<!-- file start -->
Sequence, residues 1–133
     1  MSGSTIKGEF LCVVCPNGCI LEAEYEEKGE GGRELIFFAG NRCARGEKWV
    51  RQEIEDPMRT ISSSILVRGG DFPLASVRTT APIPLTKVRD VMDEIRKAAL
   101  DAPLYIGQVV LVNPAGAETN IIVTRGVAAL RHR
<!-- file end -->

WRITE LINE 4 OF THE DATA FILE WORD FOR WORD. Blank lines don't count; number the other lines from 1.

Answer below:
   101  DAPLYIGQVV LVNPAGAETN IIVTRGVAAL RHR